Jose Marti Knocks Down the Increase in Gas Prices in Cuba

El Tángana gas station, in Havana, this Wednesday. (14ymedio)

14ymedio bigger14ymedio, Natalia López Moya, Havana, 31 January 2024 — It started as a murmur. Some drivers who were waiting with their vehicles in line to buy fuel at the El Tángana gas station in Havana shared the news. “They just said it on the news,” said a driver with shortness of breath and an almost purple face. “They backtracked on the new prices,” he concluded, before the stunned gaze of the others who had been in line for days.

A few hours before the new rates came into effect, up to five times higher than the previous rates for the sale of gasoline and diesel in Cuba, the authorities have canceled the measure. The reason for the step back has been explained on national television by Mildred Granadillo de la Torre, First Deputy Minister of Economy and Planning. The official has justified the slowdown due to the occurrence of “a cybersecurity incident in the computer systems for the marketing of fuels whose origin has been identified as a virus from abroad.”

Life stopped in each Cuban service center starting a little after two in the afternoon this Wednesday, when the announcement was broadcast on national television. In other times, it would have taken hours for those who had not been in front of the television screen to find out, but, for better or worse, the Internet has shortened the time and has accelerated reactions in today’s Cuba. A few minutes after it was announced before the news microphones, the effect of the official rectification was noticeable at the gas stations.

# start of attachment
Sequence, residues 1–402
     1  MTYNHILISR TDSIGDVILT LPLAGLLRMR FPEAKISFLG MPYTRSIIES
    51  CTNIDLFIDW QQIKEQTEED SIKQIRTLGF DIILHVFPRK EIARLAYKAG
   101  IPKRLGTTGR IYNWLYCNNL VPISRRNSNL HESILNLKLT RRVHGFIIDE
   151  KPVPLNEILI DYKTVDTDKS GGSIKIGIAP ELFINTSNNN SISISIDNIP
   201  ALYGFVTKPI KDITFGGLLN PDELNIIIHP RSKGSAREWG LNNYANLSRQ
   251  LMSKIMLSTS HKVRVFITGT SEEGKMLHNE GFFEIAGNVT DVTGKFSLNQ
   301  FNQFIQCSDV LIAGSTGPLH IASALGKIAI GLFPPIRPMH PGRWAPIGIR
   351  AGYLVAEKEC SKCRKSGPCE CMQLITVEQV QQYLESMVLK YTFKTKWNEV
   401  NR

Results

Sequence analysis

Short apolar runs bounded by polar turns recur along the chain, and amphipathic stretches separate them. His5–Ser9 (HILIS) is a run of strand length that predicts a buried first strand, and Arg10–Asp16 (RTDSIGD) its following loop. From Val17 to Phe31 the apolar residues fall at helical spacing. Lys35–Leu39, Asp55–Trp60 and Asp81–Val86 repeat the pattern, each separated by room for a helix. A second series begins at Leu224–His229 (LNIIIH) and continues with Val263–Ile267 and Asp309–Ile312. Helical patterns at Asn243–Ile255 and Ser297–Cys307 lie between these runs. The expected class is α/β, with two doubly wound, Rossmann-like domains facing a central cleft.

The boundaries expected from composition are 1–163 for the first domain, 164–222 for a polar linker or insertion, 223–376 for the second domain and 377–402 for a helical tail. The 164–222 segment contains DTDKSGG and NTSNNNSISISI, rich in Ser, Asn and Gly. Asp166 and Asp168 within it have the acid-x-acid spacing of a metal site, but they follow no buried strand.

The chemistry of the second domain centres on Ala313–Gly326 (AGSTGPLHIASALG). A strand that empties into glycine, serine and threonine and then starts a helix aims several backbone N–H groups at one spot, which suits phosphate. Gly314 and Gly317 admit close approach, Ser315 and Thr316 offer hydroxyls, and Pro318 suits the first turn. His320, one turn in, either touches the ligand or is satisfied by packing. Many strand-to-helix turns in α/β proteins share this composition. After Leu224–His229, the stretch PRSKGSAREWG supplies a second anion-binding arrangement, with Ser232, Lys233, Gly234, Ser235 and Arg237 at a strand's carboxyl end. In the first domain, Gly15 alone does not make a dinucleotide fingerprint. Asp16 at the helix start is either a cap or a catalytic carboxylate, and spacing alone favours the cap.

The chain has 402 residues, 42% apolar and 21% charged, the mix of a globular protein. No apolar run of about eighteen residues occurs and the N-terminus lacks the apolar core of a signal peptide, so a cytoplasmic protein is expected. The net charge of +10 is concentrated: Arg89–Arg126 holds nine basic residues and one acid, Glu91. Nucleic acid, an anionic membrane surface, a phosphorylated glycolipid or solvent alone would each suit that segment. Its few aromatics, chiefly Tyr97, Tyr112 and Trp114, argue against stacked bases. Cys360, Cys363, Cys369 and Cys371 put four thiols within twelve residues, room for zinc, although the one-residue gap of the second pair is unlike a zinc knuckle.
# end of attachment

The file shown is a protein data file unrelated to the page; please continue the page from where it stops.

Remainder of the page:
“I spent a very cold night in this line because I knew that starting February 1, fuel would cost more. Right now I feel like they’ve laughed at me, I don’t see this as a relief, this is a mockery”

“I spent a very cold night in this line because I knew that starting February 1, fuel would cost more. Right now I feel like they are laughing at me, I don’t see this as a relief, this is a joke,” said another driver of a Lada car who had already even “made friends” with the nearby drivers of a Polski Fiat and an old American vehicle from the beginning of the 20th century. In the face of the crisis, there is no better or worse car, what counts is whether or not the owner has access to the currency, a carte blanche that, in principle soon, will facilitate access to the precious product.

And it is precisely dollars that will begin to make the difference when the new prices are implemented, postponed by the alleged hacking of the networks of the military conglomerate Cimex, which manages the gas stations on the Island. The alleged computer attack has come to add doubt to doubt and unease to a reality that was already quite immersed in unrest.

“What’s wrong with these people?” asked the driver of a Moskvitch, who this Wednesday found out about the “step back” after more than 36 hours in line to refuel in El Tángana. Behind him, the statue of José Martí, which once served for the most recalcitrant official events held in the Anti-Imperialist Platform, was seen in a peculiar and little-known foreshortening.

The sculpture, seen from the gasoline pumps, no longer showed its haughty profile this Wednesday, carrying its small son and pointing an accusing finger at the United States Embassy in Havana. Instead, it seemed timid, humble, and more down-to-earth. It summed up the feelings of frustrated drivers who did not know whether to breathe a sigh of relief or fear the worst when the date of the new rates for gasoline and diesel changed.

“Retreat!” joked on driver, paraphrasing a popular Cuban cartoon. “The Apostle* has said it: go back, we must go back,” and the long and inflexible arm of the figure seemed to agree with him. In the foreground, the screens of the fuel pumps marked a brief message: “Err” for “error” or perhaps for “eradicating” such a disastrous measure, just before it was applied.

*Translator’s note: Cubans identify José Martí [1853-1895] as the “Apostle of Cuban Independence” and he is commonly referred to simply as “the Apostle.” 


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